Sitting up, Kovu looked down at his reflection. He tilted his face to size it up from different angles. The scarring over his eye was disappearing, but it would still be obvious to the curious eye of a cub. One day, his cubs would ask why their daddy had a scar over his eye and why other lions didn't. One day, they'd see their aunt and the thought would occur to them that something horrible had happened to her…
Kovu had gone to visit Vitani the day before she and her pride were going to set out to find a new home. Vitani had given herself one whole moon to recover. The visit was the first time he'd visited his family since Rafiki had liberated them from the Outlands. The liberation itself had taken place over a few days. Some of the lionesses had left the Outlands immediately, while others had been more wary or too stubborn. Eventually, they'd set up camp beneath Rafiki's towering tree. They'd hunted and fattened up. Previously gaunt and thin lionesses were now almost unrecognizable.
"…I still see her eyes in my dreams, Kovu. I'm never getting away from that."
Thick scabs the color of earth worms covered Vitani's face. Kovu had been too leery and afraid to go see his sister at first, but Kiara and his parents had encouraged him to visit. "I'm sorry you had to be the one to kill her."
"The one to kill her had to be me."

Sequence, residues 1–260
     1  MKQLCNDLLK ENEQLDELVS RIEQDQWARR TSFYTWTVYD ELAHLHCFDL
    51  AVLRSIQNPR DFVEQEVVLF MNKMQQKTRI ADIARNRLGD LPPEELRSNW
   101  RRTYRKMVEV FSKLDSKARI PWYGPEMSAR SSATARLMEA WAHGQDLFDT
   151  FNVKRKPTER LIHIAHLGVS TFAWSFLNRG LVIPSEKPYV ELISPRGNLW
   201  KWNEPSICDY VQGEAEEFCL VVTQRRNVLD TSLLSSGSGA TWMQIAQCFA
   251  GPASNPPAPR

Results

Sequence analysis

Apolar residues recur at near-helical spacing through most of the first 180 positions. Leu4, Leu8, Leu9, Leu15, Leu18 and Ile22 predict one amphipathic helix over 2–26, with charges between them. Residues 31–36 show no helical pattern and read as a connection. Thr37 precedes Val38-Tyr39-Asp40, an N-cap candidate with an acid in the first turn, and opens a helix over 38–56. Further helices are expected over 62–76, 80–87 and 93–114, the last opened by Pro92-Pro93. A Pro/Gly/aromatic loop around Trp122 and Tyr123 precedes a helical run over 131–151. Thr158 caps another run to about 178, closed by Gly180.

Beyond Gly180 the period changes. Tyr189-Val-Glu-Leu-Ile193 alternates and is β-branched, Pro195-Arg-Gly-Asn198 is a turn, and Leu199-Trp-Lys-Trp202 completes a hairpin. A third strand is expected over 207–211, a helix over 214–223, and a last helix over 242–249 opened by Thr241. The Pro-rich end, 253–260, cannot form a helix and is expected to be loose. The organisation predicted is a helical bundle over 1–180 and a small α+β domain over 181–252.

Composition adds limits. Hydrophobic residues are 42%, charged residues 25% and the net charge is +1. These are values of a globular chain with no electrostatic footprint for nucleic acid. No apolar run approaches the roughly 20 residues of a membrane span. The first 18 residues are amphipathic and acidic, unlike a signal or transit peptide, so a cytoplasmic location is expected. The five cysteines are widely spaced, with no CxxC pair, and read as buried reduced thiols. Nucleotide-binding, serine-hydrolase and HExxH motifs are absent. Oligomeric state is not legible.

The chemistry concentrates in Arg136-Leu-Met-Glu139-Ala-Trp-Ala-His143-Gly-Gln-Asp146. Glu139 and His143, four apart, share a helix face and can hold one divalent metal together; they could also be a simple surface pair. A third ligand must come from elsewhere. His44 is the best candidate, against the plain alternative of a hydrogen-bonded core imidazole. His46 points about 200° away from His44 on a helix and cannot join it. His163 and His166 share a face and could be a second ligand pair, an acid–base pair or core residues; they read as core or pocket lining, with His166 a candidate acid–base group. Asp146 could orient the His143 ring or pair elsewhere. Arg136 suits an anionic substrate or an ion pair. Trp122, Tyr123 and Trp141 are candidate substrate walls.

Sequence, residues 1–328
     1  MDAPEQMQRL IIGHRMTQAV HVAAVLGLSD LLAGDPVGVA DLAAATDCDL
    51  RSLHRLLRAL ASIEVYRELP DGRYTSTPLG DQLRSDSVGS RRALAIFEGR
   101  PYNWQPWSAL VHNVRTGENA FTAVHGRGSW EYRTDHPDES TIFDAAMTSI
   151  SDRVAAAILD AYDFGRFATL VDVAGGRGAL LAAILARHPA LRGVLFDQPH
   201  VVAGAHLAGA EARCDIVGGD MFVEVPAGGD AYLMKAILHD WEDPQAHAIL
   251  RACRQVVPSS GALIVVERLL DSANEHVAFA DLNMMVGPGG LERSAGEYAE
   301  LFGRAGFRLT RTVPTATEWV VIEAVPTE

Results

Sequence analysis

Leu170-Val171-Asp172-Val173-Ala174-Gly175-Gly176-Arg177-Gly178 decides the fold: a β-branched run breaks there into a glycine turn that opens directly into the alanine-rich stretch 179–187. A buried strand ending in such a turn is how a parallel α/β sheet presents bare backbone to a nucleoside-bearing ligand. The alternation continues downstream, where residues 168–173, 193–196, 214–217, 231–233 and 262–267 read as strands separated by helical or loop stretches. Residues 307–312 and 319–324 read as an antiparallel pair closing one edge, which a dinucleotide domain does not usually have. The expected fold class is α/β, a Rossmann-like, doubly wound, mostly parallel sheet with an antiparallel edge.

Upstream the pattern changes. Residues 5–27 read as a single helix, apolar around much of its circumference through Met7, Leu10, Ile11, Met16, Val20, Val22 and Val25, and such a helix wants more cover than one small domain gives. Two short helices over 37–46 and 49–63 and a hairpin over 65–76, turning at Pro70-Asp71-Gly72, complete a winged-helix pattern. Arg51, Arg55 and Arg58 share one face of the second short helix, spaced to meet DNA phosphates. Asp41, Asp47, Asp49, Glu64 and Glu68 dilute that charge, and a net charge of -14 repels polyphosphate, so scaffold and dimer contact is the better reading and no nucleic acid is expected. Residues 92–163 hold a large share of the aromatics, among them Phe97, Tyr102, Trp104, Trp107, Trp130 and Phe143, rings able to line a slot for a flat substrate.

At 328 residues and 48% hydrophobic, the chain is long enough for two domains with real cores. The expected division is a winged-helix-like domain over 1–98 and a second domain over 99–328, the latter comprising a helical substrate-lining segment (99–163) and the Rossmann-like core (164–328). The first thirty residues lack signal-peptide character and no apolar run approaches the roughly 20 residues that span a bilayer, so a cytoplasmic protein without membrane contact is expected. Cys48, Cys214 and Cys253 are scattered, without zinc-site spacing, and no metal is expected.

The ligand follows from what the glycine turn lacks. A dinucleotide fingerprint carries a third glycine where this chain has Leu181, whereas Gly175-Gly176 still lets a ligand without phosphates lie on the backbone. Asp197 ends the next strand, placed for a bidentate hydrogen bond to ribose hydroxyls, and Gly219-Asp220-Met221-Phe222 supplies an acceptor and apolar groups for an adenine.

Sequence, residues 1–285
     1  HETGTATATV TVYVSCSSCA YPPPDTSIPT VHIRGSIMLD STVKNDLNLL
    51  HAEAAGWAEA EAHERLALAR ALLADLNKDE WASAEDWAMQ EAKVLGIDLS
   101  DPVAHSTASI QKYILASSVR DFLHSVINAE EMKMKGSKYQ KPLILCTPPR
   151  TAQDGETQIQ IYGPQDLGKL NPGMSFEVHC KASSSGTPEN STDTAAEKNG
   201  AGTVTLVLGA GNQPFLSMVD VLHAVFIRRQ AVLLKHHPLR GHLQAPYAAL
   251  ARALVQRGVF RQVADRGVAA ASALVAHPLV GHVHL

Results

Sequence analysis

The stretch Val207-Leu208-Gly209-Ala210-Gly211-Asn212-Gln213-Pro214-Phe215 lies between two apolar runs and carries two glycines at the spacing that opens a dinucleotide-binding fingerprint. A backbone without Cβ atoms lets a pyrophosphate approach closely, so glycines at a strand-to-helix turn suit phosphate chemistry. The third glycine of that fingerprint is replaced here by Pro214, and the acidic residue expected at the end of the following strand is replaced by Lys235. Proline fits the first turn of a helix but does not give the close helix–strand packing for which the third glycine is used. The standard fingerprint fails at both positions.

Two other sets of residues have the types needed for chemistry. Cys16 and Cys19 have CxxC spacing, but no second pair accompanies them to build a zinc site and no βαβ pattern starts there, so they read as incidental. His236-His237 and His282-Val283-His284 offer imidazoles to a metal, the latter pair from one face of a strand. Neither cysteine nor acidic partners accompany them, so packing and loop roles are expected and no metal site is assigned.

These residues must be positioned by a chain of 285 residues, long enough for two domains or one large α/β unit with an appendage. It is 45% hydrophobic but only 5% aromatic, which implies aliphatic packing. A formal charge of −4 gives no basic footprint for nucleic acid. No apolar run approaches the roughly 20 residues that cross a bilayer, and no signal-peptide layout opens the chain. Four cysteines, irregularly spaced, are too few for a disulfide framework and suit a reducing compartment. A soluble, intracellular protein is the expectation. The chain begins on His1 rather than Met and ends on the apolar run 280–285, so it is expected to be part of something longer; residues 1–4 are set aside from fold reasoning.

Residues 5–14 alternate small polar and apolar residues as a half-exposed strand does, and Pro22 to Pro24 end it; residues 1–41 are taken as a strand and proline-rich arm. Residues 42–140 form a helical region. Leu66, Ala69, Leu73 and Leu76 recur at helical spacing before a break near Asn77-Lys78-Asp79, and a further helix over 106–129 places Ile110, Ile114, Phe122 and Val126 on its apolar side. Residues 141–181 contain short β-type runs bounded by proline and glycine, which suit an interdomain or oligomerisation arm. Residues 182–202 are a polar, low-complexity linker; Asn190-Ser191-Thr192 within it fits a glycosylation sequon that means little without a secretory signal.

"I'm sorry it came to that."
"You sound like your father," Vitani snorted, but she had a smirk in her eyes. "What were you gonna do? Kill her yourself?"
"No you weren't."
"I was angry enough." He'd wanted to. There was no way he would've had the skill however, and he knew it. "I wish there had been something else I could've done."
Vitani had tensed up and turned her face away. He'd noticed that she wasn't as direct with her eye contact as she'd been before, as if not seeing someone look at her meant that they didn't see her at all. When she didn't reply, Kovu tensed up, too. They couldn't go back. They wouldn't untwist the knots their mother had placed between them for seasons, and he wondered if they ever really would…
Then Vitani had said, almost grudgingly, "You did what you could, Kovu. Nothing that happened or didn't happen was your fault… I know you tried to convince me that Mother was wrong." She looked to where some of the lionesses were play-fighting. "Now everything that happens to our family depends on me."